Arts society formed for camera operator who lost his life to ALS
Published Saturday, November 3, 2018 12:53PM ADT
HALIFAX -- Justin Grant had been a camera operator for more than 20 years when he met Rachel Bower on a documentary film shoot in 2012.
“I feel like what attracted me to him immediately was his sense of humour,” said Bower.
Two years later, in March of 2014 Grant was diagnosed with ALS – the same disease he had lost his father to when he was just 16-years-old.
But Grant was determined to not let the disease take over his life, and he continued to fuel his love of music by attending regular shows that the Carleton in downtown Halifax.
“A part of him could have let this destroy him, but what he always said was ‘I know ALS is going to take my life, but it will never take my love of life’,” said Bower.
So Bower decided to embrace technology, and began using a piece of equipment called an Eye Gaze, which would allow him to communicate by picking letters off a computer screen using his eyes.
“He flourished -- so suddenly he would be able to go online. He would be able to go on Facebook. He would be able to talk to his friends. And I to be honest didn't even know how he was doing it,” said Bower.
Bower lived with Grant throughout his last year, and the two travelled, went to concerts, lived life to the fullest and faced the daunting challenges together.
“I didn’t actually think about it, I just felt it,” said Bower when asked about making such a big commitment to a friend.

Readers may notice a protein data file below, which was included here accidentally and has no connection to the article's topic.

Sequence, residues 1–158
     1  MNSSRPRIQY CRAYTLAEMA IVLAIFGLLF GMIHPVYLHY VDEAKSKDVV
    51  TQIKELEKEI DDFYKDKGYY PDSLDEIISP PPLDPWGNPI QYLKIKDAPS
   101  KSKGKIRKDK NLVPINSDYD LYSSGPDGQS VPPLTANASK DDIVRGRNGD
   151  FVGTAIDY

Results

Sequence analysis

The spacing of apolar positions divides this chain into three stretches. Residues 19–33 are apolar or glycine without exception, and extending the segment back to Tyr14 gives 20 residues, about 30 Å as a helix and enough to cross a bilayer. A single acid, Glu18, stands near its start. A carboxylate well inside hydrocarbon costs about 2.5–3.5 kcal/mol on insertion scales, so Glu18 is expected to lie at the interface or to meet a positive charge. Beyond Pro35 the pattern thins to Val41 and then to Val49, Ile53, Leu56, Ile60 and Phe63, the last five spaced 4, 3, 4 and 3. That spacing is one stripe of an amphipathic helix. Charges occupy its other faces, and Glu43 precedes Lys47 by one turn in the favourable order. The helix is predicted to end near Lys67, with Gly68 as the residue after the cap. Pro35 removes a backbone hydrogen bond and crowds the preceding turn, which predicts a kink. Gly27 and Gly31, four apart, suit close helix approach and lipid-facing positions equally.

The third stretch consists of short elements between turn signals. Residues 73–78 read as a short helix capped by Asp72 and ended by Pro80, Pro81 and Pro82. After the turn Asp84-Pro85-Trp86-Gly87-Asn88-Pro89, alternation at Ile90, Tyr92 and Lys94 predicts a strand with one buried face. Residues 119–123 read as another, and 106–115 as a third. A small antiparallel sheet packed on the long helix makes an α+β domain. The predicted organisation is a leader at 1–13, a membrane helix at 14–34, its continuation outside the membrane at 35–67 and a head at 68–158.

“I just went with what my gut wanted and my gut wanted whatever time he had left, I wanted to spend it with him,” she said.
Grant passed away from the disease in 2015, and Bower said it took her two years to find a way to alleviate the pain and grief she felt from the loss.
Bower decided she wanted to share Grant’s passion for life with other artists and give them a way to tell their stories, so she started the JRG Society for the Arts in his memory.
Next week, the society will award its first grant from a list of 30 Canadian applicants – all emerging artists, under the age of 30 living with a disability.
“I think what Justin left me with was this unbreakable and everlasting love of happiness,” said Bower.
“It made me realize what’s important in life right now – he gave me love.”
With files from CTV Atlantic's Jayson Baxter